Creed III promises an edgier, darker direction to the famous Rocky Balboa lore. Since Coogler’s Creed and Steven Cable Jr.’s Creed II were loose remixes of Rocky I and Rocky IV, respectively, one could say that this movie takes a page from Rocky III, where the Italian Stallion is forced out of retirement by the relentlessly “hungry” Clubber Lang. Rocky III has always been my favorite in the franchise (who doesn’t love “Eye of the Tiger”), so seeing the story get a 2023 facelift was refreshing. As legendary as Mr. T was in the 1981 film, Jonathan Majors brought chess to the checkers game. Adding intriguing social commentary about institutionalization is always a plus too.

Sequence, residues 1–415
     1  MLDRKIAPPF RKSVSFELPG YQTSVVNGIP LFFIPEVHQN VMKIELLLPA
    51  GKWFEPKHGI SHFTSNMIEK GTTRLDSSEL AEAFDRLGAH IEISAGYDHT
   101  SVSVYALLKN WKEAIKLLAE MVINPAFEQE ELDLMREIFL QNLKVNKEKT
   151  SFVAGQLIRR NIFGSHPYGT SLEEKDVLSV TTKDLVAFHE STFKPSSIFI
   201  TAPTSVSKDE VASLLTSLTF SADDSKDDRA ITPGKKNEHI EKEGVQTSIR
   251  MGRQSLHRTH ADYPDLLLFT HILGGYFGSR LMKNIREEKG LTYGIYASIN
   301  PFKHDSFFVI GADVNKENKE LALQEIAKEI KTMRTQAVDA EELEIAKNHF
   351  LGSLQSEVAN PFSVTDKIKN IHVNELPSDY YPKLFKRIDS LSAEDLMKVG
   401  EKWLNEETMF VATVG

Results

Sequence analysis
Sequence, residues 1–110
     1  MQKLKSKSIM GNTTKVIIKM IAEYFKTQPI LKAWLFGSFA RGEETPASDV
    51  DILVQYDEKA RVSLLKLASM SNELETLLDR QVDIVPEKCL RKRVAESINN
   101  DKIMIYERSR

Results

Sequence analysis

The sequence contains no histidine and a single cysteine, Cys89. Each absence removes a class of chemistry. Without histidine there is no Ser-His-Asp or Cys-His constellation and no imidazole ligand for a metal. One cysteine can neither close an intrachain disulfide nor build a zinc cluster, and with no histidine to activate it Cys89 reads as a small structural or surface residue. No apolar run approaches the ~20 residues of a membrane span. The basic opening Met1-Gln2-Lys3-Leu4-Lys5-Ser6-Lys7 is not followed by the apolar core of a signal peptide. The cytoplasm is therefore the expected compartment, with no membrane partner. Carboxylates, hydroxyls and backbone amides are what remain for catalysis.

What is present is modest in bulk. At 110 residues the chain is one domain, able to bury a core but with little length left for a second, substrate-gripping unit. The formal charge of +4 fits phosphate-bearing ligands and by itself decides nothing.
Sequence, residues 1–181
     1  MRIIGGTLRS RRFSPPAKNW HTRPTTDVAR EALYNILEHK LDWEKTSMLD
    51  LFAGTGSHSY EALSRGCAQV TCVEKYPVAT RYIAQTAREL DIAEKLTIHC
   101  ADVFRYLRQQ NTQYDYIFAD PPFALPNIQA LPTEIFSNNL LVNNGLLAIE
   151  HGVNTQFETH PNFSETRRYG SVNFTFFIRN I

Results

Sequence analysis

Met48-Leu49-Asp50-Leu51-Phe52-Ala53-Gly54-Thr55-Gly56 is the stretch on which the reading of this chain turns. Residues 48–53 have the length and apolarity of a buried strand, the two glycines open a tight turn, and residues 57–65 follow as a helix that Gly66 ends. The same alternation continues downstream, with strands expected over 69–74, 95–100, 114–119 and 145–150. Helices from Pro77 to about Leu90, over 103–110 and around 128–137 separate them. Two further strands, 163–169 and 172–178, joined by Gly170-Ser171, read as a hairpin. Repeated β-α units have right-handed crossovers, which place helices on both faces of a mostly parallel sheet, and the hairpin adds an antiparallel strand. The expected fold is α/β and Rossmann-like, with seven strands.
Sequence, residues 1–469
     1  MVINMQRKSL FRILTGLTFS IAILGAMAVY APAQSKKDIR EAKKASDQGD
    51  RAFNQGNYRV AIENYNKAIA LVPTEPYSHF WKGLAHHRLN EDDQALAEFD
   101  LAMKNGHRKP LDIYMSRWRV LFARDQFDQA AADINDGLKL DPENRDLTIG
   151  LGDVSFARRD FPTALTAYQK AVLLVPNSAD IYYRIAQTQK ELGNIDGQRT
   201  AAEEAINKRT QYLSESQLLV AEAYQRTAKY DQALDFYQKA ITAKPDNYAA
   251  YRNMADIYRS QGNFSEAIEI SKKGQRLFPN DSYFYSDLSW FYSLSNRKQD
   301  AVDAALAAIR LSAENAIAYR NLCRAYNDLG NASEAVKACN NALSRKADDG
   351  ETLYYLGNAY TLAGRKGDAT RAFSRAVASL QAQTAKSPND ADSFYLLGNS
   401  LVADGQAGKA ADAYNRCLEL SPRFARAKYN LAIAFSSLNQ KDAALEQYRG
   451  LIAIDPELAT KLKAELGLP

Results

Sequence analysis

While the two previous Creed directors were USC graduates, the films still held true to Rocky’s Philadelphia roots. But with Stallone out of the picture, Jordan makes Donnie the new LA hometown hero and celebrates the city’s vibrant culture. Everything from the music to actual locations (like Venice Beach, Leimert Park and Dodger Stadium) gives the Creed saga a breath of fresh air. It makes sense thematically, as Adonis needs to stay closer to his mother, Mary Anne Creed, played by Rashad. Rashad has been the heart of the Creed series since day one, so her performance is unmissable, as expected. Thompson’s Bianca character returns without much to do in this entry.
Overall, Creed III is a championship prize-fight worth watching with a crowd. Don’t be surprised if you find yourselves glued to the fisticuffs on-screen. From spectacle to heart, this movie delivers everything you’d want in a blockbuster sports movie. My LA and Rocky III bias aside, Jordan directs a thrilling boxing film with a solid emotional core. I cannot wait to watch it again.